Topic Overview

If you check your blood pressure, you may wonder when an abnormal reading means you should call your doctor. This information can help you understand what your blood pressure numbers mean and when you need to call for help.

What do blood pressure numbers mean?

Your blood pressure consists of two numbers: systolic and diastolic. Someone with a systolic pressure of 117 and a diastolic pressure of 78 has a blood pressure of 117/78, or "117 over 78."

Blood pressure that is too high increases your risk for heart attack and stroke. Your blood pressure should be less than 140/90 ("140 over 90"). If you have diabetes it should be less than 130/80 ("130 over 80"). If you are 80 years old or older, it should be less than 150/90 ("150 over 90").

If the first (systolic) number is: OR the second (diastolic) number is: Your blood pressure has:
120 or less 80 or less Low risk (ideal)
121 to 139 81 to 89 Medium risk (high-normal)
140 or more 90 or more High risk (hypertension)

In general, the lower your blood pressure, the better. A blood pressure reading of less than 90/60 is normal as long as you feel okay.

What can cause a short-term change in blood pressure?

It's normal for blood pressure to go up and down throughout the day. Things like exercise, stress, and sleeping can affect your blood pressure. Some medicines can cause a spike in blood pressure, including certain asthma medicines and cold remedies.

A low blood pressure reading can be caused by many things, including some medicines, a severe allergic reaction, or an infection. Another cause is dehydration, which is when your body loses too much fluid.

When should you get help for an abnormal blood pressure reading?

One high or low blood pressure reading by itself may not mean you need to call for help. If you take your blood pressure and it is out of the normal range, wait a few minutes and take it again. If it's still high or low, use the following guidance.

Call 911 anytime you think you may need emergency care. For example, call if:

  • You passed out (lost consciousness).

Call your doctor now or seek immediate medical care if:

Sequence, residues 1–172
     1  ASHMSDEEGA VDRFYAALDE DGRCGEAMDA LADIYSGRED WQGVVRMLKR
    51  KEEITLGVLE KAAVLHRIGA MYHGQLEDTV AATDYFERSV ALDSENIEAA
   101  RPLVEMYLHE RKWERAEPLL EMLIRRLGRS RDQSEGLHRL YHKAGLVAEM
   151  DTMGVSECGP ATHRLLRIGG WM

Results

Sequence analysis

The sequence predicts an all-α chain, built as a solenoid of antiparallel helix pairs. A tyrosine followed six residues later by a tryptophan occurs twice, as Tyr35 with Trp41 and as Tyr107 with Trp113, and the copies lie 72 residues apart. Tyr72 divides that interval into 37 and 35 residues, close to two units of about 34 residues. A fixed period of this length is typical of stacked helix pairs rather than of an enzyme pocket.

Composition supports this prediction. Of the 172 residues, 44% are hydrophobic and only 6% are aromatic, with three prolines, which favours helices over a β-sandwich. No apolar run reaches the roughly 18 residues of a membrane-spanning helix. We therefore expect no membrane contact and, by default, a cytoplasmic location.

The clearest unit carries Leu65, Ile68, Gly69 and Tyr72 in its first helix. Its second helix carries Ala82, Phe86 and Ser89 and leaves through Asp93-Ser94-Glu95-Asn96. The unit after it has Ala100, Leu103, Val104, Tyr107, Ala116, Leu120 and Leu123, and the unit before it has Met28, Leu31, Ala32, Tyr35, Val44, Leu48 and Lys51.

• Your blood pressure is much higher than normal (such as 180/110 or higher).
  • You think high blood pressure is causing symptoms such as:
      • Severe headache.
      • Blurry vision.
      • Shortness of breath.
      • Chest pain.
      • Anxiety.

Call a doctor if:

  • Your blood pressure is 140/90 or higher on two or more occasions.
  • Your blood pressure is usually normal and well controlled, but it goes above the normal range on more than one occasion.
  • Your blood pressure is lower than usual and you are dizzy or light-headed.
  • You think you may be having side effects from your blood pressure medicine.

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References

Other Works Consulted

  • Daskalopoulou S, et al. (2015). The 2015 Canadian hypertension education program recommendations for blood pressure measurement, diagnosis, assessment of risk, prevention, and treatment of hypertension. Canadian Journal of Cardiology, 31: 549-568.
  • Joint National Committee on Prevention, Detection, Evaluation, and Treatment of High Blood Pressure (2003). Seventh Report of the Joint National Committee on Prevention, Detection, Evaluation, and Treatment of High Blood Pressure JNC Express (NIH Publication No. 03-5233). Bethesda, MD: U.S. Department of Health and Human Services.

Credits

Adaptation Date: 12/3/2017

Adapted By: HealthLink BC

Adaptation Reviewed By: HealthLink BC

Adaptation Date: 12/3/2017

Adapted By: HealthLink BC

Adaptation Reviewed By: HealthLink BC